A new marriage for the king, arranged by Moltke, took place at Frederiksborg Palace on 8 July 1752 to Frederick the Great of Prussia's sister-in-law Duchess Juliana Maria of Brunswick-Wolfenbüttel, daughter of Ferdinand Albert II, Duke of Brunswick-Lüneburg. The marriage was frowned upon by the people who saw it as too early for the King to remarry. Neither did the formal princess appeal to his own taste, and with the court she was never popular—with no other identifiable cause than her sense of rigid etiquette, practised in German princely courts, that may have seemed less friendly than the English Louise. During his second marriage, the king had a relationship with Charlotte Amalie Winge.
Their most notable child was the Hereditary Prince Frederick, who was, in his turn, father of King Christian VIII of Denmark and grandfather of Louise of Hesse, the future queen of Denmark. She died in 1796, having been regent for her son Prince Frederick.
Death and burialEdit
In 1760 Frederick broke his leg in a drunken accident, which greatly weakened him. According to Dorothea Biehl's statements the king was often seen in a condition "where his arm was not strong enough to bring his hat on his head again without Moltke's help." The king died at the age of forty-two, after a twenty-year reign. He had been a pleasant change compared to the pious Christian VI's autocracy, and when Frederick died there were many who mourned. His last words were reportedly: "It is a great consolation to me in my last hour that I have never wilfully offended anyone, and that there is not a drop of blood on my hands."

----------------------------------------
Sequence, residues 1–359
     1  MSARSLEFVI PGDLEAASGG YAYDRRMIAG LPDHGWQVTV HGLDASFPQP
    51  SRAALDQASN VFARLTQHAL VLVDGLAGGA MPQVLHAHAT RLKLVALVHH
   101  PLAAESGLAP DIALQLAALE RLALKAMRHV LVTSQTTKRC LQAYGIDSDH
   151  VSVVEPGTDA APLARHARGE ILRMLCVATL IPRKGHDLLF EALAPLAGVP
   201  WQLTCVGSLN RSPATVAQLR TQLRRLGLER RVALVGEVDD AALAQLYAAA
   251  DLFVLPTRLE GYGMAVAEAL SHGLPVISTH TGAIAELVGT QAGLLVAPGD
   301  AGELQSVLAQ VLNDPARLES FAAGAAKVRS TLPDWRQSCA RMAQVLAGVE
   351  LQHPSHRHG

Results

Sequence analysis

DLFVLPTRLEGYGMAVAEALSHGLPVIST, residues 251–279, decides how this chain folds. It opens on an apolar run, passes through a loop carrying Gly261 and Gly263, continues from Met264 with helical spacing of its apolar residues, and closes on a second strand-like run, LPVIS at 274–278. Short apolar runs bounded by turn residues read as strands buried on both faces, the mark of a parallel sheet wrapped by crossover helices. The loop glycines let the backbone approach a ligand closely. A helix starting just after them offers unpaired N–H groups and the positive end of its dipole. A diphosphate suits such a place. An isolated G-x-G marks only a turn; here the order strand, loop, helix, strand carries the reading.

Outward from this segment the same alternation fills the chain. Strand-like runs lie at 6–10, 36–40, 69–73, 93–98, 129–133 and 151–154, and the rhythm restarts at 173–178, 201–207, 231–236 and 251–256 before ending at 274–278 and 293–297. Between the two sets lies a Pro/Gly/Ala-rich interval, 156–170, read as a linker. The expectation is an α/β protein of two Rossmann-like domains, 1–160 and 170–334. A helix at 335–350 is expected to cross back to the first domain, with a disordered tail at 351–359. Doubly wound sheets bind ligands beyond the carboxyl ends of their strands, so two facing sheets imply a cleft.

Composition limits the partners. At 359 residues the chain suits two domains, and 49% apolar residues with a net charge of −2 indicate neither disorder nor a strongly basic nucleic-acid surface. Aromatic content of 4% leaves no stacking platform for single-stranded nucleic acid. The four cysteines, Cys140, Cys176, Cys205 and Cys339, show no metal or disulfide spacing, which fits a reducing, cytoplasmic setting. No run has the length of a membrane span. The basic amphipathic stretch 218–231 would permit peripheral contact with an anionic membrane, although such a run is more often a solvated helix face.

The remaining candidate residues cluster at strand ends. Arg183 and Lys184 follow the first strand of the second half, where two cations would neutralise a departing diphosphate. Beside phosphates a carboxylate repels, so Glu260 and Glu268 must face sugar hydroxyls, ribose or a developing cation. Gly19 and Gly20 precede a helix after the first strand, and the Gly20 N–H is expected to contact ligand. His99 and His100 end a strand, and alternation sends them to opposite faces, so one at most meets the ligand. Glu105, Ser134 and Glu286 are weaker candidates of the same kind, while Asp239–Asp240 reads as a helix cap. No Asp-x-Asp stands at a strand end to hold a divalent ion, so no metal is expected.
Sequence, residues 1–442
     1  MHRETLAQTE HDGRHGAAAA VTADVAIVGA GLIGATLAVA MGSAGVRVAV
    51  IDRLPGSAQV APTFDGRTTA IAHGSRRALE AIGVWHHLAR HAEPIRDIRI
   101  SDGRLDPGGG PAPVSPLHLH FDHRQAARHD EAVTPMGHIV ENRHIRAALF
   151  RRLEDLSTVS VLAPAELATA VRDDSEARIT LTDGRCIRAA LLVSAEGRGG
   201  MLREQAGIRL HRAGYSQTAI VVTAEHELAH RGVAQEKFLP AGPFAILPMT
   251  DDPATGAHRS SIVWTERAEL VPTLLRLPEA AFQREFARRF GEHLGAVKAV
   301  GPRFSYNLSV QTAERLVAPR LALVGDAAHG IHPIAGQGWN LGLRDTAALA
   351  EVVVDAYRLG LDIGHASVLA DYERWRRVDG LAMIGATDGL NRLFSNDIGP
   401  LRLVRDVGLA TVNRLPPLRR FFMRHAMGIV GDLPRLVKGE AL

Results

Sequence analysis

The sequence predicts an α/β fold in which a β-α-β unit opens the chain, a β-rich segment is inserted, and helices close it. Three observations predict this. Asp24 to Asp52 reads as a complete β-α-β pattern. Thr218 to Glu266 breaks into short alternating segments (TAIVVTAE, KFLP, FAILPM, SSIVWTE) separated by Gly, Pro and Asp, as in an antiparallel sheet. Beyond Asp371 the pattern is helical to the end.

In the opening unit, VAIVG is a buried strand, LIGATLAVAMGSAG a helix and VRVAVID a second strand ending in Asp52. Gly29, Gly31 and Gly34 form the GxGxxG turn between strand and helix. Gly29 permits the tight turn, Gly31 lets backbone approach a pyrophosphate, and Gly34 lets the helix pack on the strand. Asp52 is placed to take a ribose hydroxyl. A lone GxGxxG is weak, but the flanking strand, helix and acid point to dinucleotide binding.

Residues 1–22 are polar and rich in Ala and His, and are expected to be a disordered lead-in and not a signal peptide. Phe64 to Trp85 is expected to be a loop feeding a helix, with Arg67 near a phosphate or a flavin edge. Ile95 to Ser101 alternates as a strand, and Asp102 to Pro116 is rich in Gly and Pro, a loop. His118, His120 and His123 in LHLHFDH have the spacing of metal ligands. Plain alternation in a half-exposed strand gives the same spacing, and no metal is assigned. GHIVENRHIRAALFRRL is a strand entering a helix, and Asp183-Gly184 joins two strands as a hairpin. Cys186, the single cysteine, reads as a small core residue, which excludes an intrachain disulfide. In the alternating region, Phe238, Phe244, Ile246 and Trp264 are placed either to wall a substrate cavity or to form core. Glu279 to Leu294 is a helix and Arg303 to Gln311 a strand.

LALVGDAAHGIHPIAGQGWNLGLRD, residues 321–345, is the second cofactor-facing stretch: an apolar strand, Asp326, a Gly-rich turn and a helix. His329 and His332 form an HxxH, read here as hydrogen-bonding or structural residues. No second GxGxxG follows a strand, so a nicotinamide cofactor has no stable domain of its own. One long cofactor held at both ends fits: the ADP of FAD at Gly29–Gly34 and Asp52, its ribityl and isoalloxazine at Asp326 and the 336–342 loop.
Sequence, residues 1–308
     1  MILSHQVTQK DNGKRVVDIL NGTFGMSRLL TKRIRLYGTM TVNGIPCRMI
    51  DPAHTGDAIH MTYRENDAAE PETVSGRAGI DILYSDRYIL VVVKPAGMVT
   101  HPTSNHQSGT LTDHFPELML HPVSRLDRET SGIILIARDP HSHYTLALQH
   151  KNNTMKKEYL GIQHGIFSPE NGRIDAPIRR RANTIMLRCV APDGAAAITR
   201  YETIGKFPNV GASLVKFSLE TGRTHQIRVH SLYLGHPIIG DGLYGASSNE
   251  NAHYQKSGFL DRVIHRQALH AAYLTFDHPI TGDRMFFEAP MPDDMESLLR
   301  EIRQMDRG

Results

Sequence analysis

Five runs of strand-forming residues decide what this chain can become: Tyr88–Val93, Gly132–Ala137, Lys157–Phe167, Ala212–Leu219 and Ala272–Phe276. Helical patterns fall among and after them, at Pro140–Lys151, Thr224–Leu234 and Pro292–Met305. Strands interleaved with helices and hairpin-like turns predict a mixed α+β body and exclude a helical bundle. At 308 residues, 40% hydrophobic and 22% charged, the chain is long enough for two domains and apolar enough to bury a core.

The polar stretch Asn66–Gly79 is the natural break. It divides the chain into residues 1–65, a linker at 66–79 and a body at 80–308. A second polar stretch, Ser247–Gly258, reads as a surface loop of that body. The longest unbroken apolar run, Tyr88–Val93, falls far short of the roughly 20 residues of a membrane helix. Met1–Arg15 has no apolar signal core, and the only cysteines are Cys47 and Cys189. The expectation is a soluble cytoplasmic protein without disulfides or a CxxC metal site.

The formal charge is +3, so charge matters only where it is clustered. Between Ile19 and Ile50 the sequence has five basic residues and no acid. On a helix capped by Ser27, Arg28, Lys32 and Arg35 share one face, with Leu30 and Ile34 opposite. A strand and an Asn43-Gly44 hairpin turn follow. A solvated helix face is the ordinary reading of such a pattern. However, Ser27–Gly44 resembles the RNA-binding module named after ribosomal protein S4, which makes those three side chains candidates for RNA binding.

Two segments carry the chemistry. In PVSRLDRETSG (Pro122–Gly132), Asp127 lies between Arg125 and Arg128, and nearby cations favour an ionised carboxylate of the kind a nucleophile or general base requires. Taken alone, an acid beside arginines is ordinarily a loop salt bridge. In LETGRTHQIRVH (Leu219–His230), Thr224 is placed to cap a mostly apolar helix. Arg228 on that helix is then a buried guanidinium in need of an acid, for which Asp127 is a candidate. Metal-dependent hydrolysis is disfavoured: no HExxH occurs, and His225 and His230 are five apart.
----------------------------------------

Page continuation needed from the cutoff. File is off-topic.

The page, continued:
On 1 August 1771, five years after the king's death, an equestrian statue of Frederick V dressed in the garb of a Roman emperor by the French sculptor Jacques François Joseph Saly was unveiled in Amalienborg Square in Copenhagen.
The town of Frederiksværk on the island of Zealand, the town of Frederiksted on the island of St. Croix, U.S. Virgin Islands, as well as the district Frederiksstaden in Copenhagen are named after Frederick V. The city of Serampore in the Indian state of West Bengal was known under the name Frederiksnagore from 1755 to 1845 when it was part of Danish India, and the city of Paamiut in Greenland was formerly known as Frederikshaab, both in his honor. A former naval base in Norway; Fredriksvern is named after him.
Within one hundred years of his time, Denmark faced the crisis of his male issue (the main branch of the Royal House) becoming extinct. This created a succession crisis beginning from his grandson's reign that affected both Denmark and Schleswig-Holstein. Finally, his great-grandson through the female line, Christian IX of Denmark, who was married to his great-granddaughter Louise of Hesse-Kassel (or Hesse-Cassel), became the designated heir.